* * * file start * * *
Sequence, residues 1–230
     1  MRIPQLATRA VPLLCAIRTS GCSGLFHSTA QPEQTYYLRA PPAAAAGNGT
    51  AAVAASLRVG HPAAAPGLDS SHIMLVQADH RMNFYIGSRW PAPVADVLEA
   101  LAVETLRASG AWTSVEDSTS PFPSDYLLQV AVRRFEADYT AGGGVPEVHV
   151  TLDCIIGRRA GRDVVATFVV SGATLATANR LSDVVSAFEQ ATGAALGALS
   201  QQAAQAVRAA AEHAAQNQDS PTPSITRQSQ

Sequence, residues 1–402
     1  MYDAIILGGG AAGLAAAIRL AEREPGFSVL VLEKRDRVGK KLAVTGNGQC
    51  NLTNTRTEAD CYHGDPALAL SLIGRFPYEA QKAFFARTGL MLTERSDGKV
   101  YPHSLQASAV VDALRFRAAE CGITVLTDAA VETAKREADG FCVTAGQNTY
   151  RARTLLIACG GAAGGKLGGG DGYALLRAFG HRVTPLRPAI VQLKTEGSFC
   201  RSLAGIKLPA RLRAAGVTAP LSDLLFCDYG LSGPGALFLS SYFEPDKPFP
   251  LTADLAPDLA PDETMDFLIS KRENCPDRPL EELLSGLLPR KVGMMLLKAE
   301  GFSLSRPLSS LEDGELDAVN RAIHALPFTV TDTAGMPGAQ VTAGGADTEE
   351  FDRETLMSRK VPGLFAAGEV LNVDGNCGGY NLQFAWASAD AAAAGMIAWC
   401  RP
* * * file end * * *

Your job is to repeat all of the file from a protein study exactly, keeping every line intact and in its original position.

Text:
Sequence, residues 1–230
     1  MRIPQLATRA VPLLCAIRTS GCSGLFHSTA QPEQTYYLRA PPAAAAGNGT
    51  AAVAASLRVG HPAAAPGLDS SHIMLVQADH RMNFYIGSRW PAPVADVLEA
   101  LAVETLRASG AWTSVEDSTS PFPSDYLLQV AVRRFEADYT AGGGVPEVHV
   151  TLDCIIGRRA GRDVVATFVV SGATLATANR LSDVVSAFEQ ATGAALGALS
   201  QQAAQAVRAA AEHAAQNQDS PTPSITRQSQ

Sequence, residues 1–402
     1  MYDAIILGGG AAGLAAAIRL AEREPGFSVL VLEKRDRVGK KLAVTGNGQC
    51  NLTNTRTEAD CYHGDPALAL SLIGRFPYEA QKAFFARTGL MLTERSDGKV
   101  YPHSLQASAV VDALRFRAAE CGITVLTDAA VETAKREADG FCVTAGQNTY
   151  RARTLLIACG GAAGGKLGGG DGYALLRAFG HRVTPLRPAI VQLKTEGSFC
   201  RSLAGIKLPA RLRAAGVTAP LSDLLFCDYG LSGPGALFLS SYFEPDKPFP
   251  LTADLAPDLA PDETMDFLIS KRENCPDRPL EELLSGLLPR KVGMMLLKAE
   301  GFSLSRPLSS LEDGELDAVN RAIHALPFTV TDTAGMPGAQ VTAGGADTEE
   351  FDRETLMSRK VPGLFAAGEV LNVDGNCGGY NLQFAWASAD AAAAGMIAWC
   401  RP